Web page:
NEW YORK (MainStreet) — When Indonesia-native Zackaria Margolang bought a Newark, N.J. house in May 2008 for $435,000, his 30-year fixed-rate mortgage through Countrywide Financial was 5.5% with a monthly payment of $3,200, including taxes and insurance. A bona fide homeowner at 40, the Hilton Hotel prep-cook was living the American dream.
Or so he thought.
Even though he settled comfortably into the three-bedroom, two-bath townhouse, come early 2011 while going through a divorce and supporting his young son, he struggled to keep up with his mortgage, which Bank of America had since taken over. He went into foreclosure, ultimately facing a $466,000 tab with the mounting expense of mortgage loans, mortgage insurance, taxes and foreclosure fees. Though he found his financial challenges insurmountable, he amazingly didn't lose his home.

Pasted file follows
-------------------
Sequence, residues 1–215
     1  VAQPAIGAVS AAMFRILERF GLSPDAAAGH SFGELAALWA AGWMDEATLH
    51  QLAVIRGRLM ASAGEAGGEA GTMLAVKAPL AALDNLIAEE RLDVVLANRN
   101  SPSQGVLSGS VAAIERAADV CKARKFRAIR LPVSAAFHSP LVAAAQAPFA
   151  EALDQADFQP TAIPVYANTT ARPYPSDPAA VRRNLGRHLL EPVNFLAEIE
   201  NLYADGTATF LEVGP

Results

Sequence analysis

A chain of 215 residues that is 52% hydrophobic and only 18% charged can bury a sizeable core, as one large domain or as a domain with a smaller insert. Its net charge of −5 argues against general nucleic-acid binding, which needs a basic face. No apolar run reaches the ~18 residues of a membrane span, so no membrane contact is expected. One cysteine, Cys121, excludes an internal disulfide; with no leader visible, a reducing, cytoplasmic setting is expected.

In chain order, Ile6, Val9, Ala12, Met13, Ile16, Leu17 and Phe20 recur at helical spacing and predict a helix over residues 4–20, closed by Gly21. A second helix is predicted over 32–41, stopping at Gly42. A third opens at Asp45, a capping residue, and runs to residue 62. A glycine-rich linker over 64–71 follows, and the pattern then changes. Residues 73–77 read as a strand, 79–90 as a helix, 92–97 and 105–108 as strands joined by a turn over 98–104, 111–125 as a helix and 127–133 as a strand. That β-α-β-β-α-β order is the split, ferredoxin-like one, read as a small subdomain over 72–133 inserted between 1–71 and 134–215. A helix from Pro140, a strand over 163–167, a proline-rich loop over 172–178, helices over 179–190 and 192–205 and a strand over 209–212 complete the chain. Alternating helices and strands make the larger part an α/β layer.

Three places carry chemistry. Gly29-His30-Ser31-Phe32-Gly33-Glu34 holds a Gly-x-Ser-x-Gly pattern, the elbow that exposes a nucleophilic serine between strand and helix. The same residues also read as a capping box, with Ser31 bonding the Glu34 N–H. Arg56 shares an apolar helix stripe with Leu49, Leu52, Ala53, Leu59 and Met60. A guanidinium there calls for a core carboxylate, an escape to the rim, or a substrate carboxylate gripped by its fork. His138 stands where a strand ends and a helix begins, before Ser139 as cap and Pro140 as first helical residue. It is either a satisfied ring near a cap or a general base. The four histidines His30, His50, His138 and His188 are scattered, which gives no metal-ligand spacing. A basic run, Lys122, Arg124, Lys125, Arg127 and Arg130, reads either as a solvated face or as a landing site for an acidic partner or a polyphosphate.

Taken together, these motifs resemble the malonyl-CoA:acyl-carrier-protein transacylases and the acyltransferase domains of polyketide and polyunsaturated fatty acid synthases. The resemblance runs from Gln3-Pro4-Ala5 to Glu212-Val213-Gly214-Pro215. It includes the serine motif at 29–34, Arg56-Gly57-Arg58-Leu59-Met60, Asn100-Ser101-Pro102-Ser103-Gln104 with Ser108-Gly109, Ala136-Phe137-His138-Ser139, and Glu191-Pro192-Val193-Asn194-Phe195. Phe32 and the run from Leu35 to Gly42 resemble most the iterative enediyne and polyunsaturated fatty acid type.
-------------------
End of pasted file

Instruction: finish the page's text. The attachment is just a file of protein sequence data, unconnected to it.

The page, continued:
That's because New Jersey Community Capital (NJCC) came up with a solution to help distressed homeowners by using private investment to provide mortgage principal reduction, homeowner counseling and vacant property rehabilitation. What kept Margolang from falling off the ledge could offer policymakers a suggestion on how to lessen the blows of a foreclosure crisis. And it's a win for banks along with the homeowners, to boot.
Despite the fact that 2012 saw big banks – Ally Financial (ALLY), Bank of America (BAC), Citigroup (C) and Wells Fargo (WFC) – agree to the National Mortgage Settlement, for which they paid out a $25 billion sum to resolve problems related to the 2008 housing bust as settled by 49 state attorneys general, many borrowers are still in dire straits. In the pipeline are billions more in settlements – with recent reports indicating that Goldman Sachs (GS) is exploring a settlement with the Federal Housing Finance Agency (FHFA) for up to $1.25 billion. But the settlement funds don't always make it to distressed individuals or even to state housing initiatives.